It’s nearly two years since we cut them down, and initially after a period of a few months, I was sad to see that new shoots were vibrantly growing back, even under the plastic and black plastic pot.
This month however, those perky shoots seem to have died back. Could be a success story for urine and chicken manure. And certainly nothing else in the same patch of garden wall has any problems with growing. Two of my lettuces are right next to this tree stump.
Oh, and as well as being chemical-free, it was money-free as well.
When I’m not gardening, walking, cooking, or losing at cards at the finca (a disaster, I got beaten at seven card rummy and gin rummy) I’m reading.
Three books read were: two Jack Higgins, Exocet and Thunder Point, and Len Deighton’s Funeral in Berlin.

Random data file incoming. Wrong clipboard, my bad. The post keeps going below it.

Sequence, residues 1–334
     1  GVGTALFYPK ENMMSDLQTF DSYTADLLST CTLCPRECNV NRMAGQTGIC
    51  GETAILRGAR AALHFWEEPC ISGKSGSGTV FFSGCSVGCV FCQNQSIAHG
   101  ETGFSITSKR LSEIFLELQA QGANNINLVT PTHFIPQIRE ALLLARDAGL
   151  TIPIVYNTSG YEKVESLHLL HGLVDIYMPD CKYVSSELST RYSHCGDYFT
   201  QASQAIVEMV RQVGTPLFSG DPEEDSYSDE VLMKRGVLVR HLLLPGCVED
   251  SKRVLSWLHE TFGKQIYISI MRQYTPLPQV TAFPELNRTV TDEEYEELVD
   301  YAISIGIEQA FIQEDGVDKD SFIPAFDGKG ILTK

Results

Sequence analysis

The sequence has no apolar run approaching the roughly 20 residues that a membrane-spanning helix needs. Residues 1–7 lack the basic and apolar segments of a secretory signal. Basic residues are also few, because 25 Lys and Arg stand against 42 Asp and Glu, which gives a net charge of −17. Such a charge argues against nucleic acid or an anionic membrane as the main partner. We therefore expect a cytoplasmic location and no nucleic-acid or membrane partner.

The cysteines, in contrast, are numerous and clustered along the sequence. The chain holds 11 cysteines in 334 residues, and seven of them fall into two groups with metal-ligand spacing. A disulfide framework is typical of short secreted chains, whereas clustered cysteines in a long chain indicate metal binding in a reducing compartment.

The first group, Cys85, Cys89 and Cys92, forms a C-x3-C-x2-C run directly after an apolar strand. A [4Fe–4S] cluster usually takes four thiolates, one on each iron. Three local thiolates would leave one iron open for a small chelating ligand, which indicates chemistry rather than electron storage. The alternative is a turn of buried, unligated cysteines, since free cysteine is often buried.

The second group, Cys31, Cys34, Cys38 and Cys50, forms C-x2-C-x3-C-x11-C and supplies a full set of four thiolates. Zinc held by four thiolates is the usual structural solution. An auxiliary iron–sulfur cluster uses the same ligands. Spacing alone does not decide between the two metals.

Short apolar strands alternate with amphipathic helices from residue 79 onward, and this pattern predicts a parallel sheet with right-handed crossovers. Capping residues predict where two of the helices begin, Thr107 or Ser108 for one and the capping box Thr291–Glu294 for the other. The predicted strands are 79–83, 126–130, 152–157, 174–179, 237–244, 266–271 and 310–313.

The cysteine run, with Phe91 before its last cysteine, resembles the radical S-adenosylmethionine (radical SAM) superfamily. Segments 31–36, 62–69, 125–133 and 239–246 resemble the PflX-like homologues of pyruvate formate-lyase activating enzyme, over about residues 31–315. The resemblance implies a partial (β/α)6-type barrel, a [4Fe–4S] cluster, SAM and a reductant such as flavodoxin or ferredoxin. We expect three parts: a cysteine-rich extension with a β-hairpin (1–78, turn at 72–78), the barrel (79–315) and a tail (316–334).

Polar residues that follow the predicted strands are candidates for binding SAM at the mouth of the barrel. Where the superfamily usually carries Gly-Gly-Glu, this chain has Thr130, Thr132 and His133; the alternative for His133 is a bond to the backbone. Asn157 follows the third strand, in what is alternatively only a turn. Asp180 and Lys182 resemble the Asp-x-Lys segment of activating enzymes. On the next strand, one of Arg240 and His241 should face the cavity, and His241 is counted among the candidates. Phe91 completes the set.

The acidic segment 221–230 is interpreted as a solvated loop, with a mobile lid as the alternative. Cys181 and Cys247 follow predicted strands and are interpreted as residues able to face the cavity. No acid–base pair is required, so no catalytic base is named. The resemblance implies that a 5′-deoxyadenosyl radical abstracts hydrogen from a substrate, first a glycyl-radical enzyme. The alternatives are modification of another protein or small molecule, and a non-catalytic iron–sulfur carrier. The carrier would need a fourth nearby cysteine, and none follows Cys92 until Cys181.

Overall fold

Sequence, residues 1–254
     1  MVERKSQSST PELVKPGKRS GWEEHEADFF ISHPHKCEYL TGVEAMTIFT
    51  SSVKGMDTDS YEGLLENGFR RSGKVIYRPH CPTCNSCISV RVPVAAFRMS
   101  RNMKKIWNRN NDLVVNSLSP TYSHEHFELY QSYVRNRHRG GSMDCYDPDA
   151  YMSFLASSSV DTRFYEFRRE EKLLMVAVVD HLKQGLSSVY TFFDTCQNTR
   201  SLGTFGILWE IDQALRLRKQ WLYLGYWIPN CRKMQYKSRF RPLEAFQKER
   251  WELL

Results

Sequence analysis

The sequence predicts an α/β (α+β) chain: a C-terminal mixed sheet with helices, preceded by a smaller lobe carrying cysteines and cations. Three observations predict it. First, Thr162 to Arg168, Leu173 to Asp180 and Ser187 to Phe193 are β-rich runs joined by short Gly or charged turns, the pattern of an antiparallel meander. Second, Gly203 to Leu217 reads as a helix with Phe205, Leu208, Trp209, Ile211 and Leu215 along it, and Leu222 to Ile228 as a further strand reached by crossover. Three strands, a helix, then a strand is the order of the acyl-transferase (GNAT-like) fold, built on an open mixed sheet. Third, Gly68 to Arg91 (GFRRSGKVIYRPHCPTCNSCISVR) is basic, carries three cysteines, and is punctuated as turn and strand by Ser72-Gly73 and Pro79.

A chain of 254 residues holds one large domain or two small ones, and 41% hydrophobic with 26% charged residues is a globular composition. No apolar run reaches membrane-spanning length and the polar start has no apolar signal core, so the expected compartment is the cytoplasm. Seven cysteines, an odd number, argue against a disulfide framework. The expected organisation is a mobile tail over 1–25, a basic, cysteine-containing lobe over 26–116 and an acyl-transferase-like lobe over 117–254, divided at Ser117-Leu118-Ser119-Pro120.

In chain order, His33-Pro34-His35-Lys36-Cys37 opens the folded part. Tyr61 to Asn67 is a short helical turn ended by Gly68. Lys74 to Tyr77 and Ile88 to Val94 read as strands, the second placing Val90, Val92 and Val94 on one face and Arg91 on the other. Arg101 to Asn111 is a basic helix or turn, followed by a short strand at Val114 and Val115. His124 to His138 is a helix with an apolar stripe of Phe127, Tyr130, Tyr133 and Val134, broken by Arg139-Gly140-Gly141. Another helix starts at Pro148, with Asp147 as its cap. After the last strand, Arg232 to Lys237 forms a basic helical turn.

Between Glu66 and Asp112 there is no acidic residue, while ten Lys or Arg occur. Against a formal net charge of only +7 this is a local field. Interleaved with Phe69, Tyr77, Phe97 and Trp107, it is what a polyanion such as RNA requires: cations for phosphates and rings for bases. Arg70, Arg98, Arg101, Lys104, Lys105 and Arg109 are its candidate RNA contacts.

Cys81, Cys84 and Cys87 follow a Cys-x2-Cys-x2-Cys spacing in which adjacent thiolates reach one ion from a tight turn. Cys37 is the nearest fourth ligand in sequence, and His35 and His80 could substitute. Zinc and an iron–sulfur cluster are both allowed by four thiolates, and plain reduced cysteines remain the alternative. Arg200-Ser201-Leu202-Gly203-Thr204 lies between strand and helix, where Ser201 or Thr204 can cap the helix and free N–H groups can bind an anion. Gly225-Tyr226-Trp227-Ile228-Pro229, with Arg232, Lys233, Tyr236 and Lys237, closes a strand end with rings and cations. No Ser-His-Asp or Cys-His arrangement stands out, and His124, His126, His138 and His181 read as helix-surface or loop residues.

As soon as I started Exocet I realised I’d read it before. An officer in the Grenadier Guards is seconded to the SAS, goes to the Falklands, gets pulled back to do another job regarding the potential (illegal) acquisition of more Exocets by the Argentinian government. The story moves through UK, France, Falklands and Argentina, and is a good action novel. Also somewhat timely given the 30 year anniversary of the
war conflict and the forthcoming sovereignty referendum in the Falkland Islands. Needless to state I read it again and enjoyed it all over. Sometimes books are often better the second time around.
Thunder Point had a wicked anti-hero, or villain for a goody. An ex-IRA killer, who went on to sell his services to any terrorist organisation, is employed (under duress) by the British Secret Service to carry out a job for them in the Caribbean. Another good read.
Funeral in Berlin was a different kettle of fish. Apart from anything else it was set in the Cold War period – hence the scene of activity being Berlin and lots of toing and froing across the wall.
I did get lost in some of the double deals and triple deals and twists with every turn, but that may have been because I read too quickly and I also read it at night. The plot is centred around the premise of the Russians selling a scientist to the west, but nothing is ever what it seems with Deighton.